Leo, Djimon And Oscar

Blood Diamond premieres in London...

Leo, Djimon And Oscar

by Willow Green |
Published on

Leonardo DiCaprio and Djimon Hounsou stride into the ice-cold Odeon Leicester Square with beaming smiles erupting across their faces. They’ve had a rather good day, as earlier this afternoon both Leo and his co-star received Oscar nominations for their roles in Edward Zwick’s savage, political thriller Blood Diamond – which premiered in London tonight.

For DiCaprio, this is his third time up for a statue after two near misses with **What’s Eating Gilbert Grape? **and, most recently, The Aviator. Hounsou is also treading familiar ground, with today’s news raising his nomination tally to two (after In America in 2002). These two Oscar nods are not the only reasons for the Blood Diamond team to start popping the champagne corks, as extra nominations in the Editing and Sound categories leave the movie with a total of five chances to snatch Oscar glory next month – a count that equals the other DiCaprio-led, award front-runner The Departed. “They are clear winners. Clear winners!” says British actor David Harewood, who plays the murderous rebel leader Captain Poison in Blood Diamond. “I’m thrilled for both of them, but not too surprised having seen the film,” added a frozen Jennifer Connelly.

In the movie DiCaprio is Danny Archer – mercenary solider turned rogue and jewel smuggler, who sets his sights on an illustrious pink diamond, but only prisoner Solomon Vandy (Djimon Hounsou) knows where it is. Set during the Sierra Leone’s bloody civil war, Blood Diamond is a fierce, unrelenting exposé of the consequences of corporate greed within the gems for arms trade. “Shooting in Africa and being in that environment…you just can’t help but be transformed”, explains DiCaprio after an extensive walkabout, meeting his fans. “We were in places of extreme poverty, yet the people maintain such an unbelievably positive attitude. It was an opportunity I couldn’t afford to miss.” Hounsou – who turns in a furiously passionate performance as a man ruthlessly separated from his family – is keen to highlight why he wanted the production to go ahead: “We made the movie to shine a light on the Western operations that are going on in Africa. I just hope that all the [Oscar] nominations bring more attention to the film and the issues we raise”.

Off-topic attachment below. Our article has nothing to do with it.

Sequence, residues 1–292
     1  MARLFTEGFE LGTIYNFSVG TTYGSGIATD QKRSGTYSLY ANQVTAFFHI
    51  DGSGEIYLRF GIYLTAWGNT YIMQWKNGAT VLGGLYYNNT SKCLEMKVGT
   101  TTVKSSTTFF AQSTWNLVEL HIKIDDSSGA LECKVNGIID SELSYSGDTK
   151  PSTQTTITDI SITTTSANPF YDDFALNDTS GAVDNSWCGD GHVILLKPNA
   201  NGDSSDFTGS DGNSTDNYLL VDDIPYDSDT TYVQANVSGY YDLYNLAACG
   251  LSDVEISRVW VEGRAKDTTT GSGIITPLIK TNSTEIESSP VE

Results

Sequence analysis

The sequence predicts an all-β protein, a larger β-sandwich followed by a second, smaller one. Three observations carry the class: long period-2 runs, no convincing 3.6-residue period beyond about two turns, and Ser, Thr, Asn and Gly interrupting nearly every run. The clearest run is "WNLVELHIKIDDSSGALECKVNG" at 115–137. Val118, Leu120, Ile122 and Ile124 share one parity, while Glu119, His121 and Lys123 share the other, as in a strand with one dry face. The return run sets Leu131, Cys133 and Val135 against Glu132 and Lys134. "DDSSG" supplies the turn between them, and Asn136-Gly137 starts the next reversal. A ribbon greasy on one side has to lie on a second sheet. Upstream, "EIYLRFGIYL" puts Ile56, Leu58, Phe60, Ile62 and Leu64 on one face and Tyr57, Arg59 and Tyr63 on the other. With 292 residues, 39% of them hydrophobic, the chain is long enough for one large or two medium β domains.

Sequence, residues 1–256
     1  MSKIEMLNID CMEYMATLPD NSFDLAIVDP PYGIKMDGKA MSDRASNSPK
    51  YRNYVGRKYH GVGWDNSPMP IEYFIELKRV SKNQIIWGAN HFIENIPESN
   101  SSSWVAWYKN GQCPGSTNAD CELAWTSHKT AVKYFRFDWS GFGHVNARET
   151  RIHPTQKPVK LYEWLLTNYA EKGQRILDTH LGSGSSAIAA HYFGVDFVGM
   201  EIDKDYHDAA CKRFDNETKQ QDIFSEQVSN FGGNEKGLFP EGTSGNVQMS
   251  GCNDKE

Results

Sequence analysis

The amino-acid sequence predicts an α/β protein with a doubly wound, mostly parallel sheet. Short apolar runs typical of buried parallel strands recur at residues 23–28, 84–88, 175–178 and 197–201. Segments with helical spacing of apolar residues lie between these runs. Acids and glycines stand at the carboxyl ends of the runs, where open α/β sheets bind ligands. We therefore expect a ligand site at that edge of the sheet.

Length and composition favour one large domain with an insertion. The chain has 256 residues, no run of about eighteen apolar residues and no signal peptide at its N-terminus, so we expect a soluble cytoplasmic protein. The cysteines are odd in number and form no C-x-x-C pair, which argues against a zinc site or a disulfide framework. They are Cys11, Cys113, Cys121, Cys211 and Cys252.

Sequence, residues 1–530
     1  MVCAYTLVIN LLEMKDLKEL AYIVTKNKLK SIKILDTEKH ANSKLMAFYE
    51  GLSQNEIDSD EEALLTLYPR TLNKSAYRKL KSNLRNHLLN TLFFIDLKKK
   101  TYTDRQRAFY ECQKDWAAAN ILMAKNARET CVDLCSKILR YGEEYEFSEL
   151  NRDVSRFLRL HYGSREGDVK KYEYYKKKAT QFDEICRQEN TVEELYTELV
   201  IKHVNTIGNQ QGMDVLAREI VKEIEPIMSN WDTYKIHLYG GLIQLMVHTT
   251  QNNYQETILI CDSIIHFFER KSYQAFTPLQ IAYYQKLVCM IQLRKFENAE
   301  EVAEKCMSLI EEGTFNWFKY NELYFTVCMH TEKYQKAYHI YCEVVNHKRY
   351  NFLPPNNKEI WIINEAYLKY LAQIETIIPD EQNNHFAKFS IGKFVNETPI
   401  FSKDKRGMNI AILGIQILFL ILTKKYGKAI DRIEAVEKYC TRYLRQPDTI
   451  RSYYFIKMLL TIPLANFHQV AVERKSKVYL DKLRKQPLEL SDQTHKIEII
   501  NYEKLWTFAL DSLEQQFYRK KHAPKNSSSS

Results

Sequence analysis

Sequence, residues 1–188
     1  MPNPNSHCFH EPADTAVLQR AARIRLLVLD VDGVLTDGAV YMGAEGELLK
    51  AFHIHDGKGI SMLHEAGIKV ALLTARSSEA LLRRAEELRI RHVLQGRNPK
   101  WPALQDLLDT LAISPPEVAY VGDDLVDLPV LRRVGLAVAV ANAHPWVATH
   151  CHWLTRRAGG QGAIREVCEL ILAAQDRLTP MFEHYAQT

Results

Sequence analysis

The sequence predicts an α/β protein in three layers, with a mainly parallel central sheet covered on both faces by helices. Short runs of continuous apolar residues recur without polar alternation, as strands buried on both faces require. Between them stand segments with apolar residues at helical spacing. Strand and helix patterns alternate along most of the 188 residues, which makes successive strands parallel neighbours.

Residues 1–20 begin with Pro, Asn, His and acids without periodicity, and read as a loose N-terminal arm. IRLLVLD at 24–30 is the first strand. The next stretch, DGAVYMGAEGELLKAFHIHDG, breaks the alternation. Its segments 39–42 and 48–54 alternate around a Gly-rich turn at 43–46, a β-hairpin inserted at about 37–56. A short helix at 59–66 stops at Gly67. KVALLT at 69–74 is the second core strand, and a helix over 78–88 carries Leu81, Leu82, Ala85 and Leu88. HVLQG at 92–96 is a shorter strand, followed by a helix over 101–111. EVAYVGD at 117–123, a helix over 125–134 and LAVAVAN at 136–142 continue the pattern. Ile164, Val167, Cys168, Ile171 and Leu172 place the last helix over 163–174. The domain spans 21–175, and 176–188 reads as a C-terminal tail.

“It sounded like the Beatles had just arrived”, laughs director/producer Edward Zwick, as he comments on the screams of “Leo! Leo!” resonating around the square: “Although I have to say, I’m kind of used to this as I’ve done a film with Tom Cruise…so I’ve heard that sound before”. And what about the five Oscar nominations for his film? “Well, I hope it encourages people to go and see the film. We’re going to have a party [tonight] anyway, but I think it’s now going to have a few more rockets.”

“We’ve actually already started celebrating”, reveals DiCaprio. “We’ve toasted each other and had a group hug.” Okaaaaaay. Thankfully, just before everything turns completely Strictly Come Dancing, the actor makes clear exactly why those little gold statues can be so important: “For people to talk about this movie, let alone it get recognised like this is an honour for me and everyone involved. This is not the sort of film that comes out of the Hollywood system very often. There are films that are politically charged, but a movie on this scale is a very rare occurrence.”


Blood Diamond will be in cinemas from Friday (January 26th)

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